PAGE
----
Netanyahu Demands Confrontation With State’s Witnesses

Prime Minister Binyamin Netanyahu speaking Sunday evening. (Channel 10/Screencap)

In a nationwide broadcast pre-empting the beginning of the prime-time news, Israeli Prime Minister Binyamin Netanyahu demanded that he be given the opportunity to personally confront the state’s state’s witnesses who have testified against him in three corruption cases.

“Today I reveal to you that during my investigations, I demanded a face to face confrontation with states witnesses. I was refused. I asked again. I was refused again,” he said.

“What are they afraid of?” he asked.

“Today I repeat that demand, and as far as I am concerned it should be on live TV.”

The prime minister derided the most serious of the charges against him, that of bribery. “What was the bribery? Did money change hands? Was money deposited in bank accounts?”

No, he said. They accuse him of receiving favorable media coverage in return for favors. “How absurd!” he exclaimed. “I, who have been attacked in the media without stop” during this entire period.

Netanyahu accused the Israeli left of attempting to bring him down through the investigations since they could not defeat him at the ballot box, saying that he “won’t make the concessions” the left wants from him.

“There is nonstop pressure on the Attorney-General to indict me,” Netanyahu said. “Maybe if I proposed a new disengagement or divided Yerushalayim or abandoned our security they would leave me alone, but I will never do that.”

“If you’re going to say there’s a bribe, why don’t you do a complete job?” the prime minister asked. “Lapid met with [Yediot Aharonot publisher] Noni Mozes dozens of times and deleted all documentation of the meetings, and supported Noni’s law to close Israel Hayom and got positive media coverage.”

Netanyahu has been accused of trying to make a similar deal with Mozes for favorable coverage.

Netanyahu alleged that besides being denied the right to confront his accusers, police have failed to summon other possible witnesses who could have testified in his favor.

The person he described as potentially the single most important figure in one of the cases, head of the anti-trust authority, David Eilat, who backed a regulatory decision considered suspicions by police, was not questioned. Netanyahu stated that he had almost nothing to do with the decision himself.

“I know the truth, I am confident in the truth,” he said, saying he was only asking to be treated fairly and given a hearing.

Responding to Netanyahu’s central demand, for a confrontation with state witnesses, senior police officials explained on Monday night, that it would not have made any difference.

“A confrontation would not have facilitated the investigation. We are talking about events that took place over years,” Ynet quotes police officials as saying.

“We have enough evidence and documents to strengthen the evidence in the case. We are not talking about a specific incident at a given time, in a given place, or something similar to someone’s word versus somebody else’s word. A confrontation would not have changed the general picture in this case,” they asserted.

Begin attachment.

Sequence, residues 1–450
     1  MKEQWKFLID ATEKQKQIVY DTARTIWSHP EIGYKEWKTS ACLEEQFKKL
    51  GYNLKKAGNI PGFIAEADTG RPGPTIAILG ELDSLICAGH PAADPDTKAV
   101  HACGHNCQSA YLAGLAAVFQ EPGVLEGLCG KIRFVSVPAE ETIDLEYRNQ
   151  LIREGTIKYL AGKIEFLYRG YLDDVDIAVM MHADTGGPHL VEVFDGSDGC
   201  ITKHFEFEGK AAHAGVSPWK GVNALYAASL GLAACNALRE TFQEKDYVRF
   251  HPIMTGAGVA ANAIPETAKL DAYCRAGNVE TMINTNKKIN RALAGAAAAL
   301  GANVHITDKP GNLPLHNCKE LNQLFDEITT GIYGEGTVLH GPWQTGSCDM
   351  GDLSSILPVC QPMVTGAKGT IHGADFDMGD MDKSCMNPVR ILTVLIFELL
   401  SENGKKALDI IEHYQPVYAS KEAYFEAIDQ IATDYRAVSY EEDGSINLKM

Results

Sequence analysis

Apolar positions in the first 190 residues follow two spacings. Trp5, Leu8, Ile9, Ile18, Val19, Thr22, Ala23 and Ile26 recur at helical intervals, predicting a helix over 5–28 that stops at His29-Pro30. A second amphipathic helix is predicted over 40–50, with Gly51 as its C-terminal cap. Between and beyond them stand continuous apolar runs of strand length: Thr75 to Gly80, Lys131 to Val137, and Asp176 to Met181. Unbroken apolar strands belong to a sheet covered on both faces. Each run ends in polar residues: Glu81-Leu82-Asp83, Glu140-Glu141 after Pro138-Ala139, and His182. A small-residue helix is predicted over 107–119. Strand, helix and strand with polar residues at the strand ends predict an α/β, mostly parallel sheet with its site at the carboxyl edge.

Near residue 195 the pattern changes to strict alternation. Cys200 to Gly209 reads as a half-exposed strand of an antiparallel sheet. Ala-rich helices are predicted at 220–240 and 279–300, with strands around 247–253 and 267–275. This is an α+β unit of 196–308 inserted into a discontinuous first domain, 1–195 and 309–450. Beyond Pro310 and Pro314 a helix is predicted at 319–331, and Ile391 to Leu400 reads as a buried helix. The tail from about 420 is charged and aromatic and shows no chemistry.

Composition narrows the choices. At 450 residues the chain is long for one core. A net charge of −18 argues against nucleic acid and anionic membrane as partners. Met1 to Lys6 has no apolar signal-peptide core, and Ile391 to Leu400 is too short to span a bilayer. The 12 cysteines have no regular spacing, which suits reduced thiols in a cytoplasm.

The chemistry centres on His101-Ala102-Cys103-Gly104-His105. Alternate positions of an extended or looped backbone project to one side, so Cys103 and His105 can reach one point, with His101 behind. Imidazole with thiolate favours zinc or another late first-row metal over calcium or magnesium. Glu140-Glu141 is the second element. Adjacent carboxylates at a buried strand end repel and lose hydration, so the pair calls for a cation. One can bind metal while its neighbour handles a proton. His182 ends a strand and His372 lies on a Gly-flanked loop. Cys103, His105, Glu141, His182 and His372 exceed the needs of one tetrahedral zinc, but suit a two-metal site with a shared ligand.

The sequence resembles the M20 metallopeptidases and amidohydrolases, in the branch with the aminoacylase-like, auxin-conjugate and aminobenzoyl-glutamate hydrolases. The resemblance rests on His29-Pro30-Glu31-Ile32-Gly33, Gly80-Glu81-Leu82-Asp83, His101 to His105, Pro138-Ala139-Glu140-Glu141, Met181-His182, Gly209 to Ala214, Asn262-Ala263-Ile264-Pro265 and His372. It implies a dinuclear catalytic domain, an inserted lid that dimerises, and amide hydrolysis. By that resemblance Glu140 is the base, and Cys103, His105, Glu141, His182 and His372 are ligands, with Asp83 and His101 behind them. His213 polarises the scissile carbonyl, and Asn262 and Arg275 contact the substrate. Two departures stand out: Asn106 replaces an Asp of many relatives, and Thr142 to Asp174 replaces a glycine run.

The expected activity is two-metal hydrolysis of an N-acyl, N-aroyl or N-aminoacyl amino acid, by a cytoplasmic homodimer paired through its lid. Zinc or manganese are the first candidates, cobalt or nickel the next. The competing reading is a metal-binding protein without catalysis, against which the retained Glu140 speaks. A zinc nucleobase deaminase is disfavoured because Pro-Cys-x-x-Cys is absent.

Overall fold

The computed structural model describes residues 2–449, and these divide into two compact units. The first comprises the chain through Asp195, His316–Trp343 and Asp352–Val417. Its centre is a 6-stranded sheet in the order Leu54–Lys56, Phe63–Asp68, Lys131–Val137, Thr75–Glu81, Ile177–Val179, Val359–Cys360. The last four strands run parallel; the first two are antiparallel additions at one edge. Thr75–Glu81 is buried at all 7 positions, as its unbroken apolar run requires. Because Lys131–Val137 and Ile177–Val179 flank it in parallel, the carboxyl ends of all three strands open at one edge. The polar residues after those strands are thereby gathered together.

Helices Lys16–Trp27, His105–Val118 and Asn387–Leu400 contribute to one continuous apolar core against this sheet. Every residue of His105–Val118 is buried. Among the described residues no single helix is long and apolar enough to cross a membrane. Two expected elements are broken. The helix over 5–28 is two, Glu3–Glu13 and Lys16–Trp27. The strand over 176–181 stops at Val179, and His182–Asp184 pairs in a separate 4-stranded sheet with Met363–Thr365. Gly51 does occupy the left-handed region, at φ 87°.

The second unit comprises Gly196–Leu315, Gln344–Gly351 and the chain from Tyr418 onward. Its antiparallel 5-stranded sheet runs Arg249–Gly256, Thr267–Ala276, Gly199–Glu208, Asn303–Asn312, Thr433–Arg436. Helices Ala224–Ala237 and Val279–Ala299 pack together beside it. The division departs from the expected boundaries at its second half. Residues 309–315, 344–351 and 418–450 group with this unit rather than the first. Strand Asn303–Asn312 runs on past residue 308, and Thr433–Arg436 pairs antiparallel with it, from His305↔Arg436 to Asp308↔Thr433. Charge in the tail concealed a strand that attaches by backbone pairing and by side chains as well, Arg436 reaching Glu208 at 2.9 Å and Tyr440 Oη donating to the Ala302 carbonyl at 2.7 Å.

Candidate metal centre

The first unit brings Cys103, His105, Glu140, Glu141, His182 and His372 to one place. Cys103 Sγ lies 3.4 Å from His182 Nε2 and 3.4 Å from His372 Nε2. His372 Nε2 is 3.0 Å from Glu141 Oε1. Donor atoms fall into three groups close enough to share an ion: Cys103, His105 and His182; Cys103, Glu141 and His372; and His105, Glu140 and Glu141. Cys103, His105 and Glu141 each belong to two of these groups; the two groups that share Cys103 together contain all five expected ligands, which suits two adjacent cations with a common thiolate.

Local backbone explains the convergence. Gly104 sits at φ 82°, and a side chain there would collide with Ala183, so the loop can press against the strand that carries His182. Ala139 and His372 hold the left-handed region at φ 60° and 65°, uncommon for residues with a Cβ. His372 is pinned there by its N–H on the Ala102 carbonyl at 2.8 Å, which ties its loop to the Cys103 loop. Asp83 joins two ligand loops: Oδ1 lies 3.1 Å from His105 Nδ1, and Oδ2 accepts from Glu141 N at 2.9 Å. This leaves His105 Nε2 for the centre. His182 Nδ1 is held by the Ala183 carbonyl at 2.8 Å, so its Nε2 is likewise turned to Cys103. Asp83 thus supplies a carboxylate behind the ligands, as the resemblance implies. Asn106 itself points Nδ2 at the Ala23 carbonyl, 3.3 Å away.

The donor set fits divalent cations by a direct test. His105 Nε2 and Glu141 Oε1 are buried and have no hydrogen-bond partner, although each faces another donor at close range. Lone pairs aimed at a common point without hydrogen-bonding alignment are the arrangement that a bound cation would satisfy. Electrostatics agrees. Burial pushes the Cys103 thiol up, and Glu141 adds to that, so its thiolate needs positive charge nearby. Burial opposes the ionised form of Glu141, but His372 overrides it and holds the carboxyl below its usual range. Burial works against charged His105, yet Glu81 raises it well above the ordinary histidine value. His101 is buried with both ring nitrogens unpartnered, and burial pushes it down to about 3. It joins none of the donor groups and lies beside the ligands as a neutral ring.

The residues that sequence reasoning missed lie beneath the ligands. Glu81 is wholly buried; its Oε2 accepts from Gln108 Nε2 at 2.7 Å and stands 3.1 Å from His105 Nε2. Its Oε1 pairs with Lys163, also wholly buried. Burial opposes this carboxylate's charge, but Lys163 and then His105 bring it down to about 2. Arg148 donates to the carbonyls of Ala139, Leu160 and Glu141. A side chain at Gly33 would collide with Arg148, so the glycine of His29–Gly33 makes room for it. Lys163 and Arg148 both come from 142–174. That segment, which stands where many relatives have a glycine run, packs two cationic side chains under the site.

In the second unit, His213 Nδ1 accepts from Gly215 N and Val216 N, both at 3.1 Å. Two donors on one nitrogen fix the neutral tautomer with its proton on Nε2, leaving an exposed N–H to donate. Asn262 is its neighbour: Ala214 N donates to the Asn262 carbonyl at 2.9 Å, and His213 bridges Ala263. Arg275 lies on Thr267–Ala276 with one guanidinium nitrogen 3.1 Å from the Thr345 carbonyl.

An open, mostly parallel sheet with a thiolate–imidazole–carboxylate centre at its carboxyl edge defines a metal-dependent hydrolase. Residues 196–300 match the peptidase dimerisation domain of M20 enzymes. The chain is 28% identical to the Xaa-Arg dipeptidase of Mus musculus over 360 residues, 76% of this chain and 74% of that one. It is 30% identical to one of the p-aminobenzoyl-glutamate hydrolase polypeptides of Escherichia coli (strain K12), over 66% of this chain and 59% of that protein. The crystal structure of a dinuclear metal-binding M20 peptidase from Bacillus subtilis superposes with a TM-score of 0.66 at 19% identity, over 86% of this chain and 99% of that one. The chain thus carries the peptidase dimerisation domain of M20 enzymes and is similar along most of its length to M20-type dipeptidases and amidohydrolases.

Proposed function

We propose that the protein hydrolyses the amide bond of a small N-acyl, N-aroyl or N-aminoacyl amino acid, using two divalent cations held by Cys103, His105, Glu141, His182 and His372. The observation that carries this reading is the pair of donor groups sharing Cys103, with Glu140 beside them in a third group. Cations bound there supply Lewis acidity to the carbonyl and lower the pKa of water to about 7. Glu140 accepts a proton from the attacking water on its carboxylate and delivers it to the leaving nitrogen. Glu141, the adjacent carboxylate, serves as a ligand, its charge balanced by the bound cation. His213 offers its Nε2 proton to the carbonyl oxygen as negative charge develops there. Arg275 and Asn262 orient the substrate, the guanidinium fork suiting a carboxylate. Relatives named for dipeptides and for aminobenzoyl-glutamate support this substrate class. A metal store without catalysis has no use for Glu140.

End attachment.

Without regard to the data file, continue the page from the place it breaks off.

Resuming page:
The new opposition leader Shelly Yachimovich responded within minutes to Netanyahu’s speech:

“The prime minister is no longer fit to fulfill his position,” she contended. “We saw a cynical and pathetic elections speech of someone who is trying with all his might to escape the law.”

“It is my intention to appeal to the Central Elections Committee to prevent a recurrence of this performance,” she said. “It is a gross and blatant intervention of Netanyahu in his legal process, creating fake drama full of nothing, and taking over the screen time as the last of the dictators.”

The Justice Ministry responded to Netanyahu’s speech as well: “All the investigation activities carried out in the investigation files relating to the prime minister have been done professionally and thoroughly, accompanied by the Tel Aviv District Attorney (taxation and economics) and under the supervision of the State Attorney and the Attorney General, all according to professional considerations.”

“It is inappropriate for the law enforcement authorities to relate to the investigative actions and the testimonies in the media, certainly at this stage,” a spokesman said.

Meretz leader Tamar Zandberg objected to the notion of free air time for a legal defense speech in the first place:

She mocked what had been billed as a ‘dramatic announcement’—you can really say, ‘there’s nothing because nothing happened,’” using the premier’s longtime protestation of innocence regarding his corruption probes.

“The only dramatic thing here is a prime minister who continues to serve with a [police] recommendation of three bribery trials,” Zandberg said in a statement. “Until Netanyahu resigns, this is election propaganda that shouldn’t be broadcast.”

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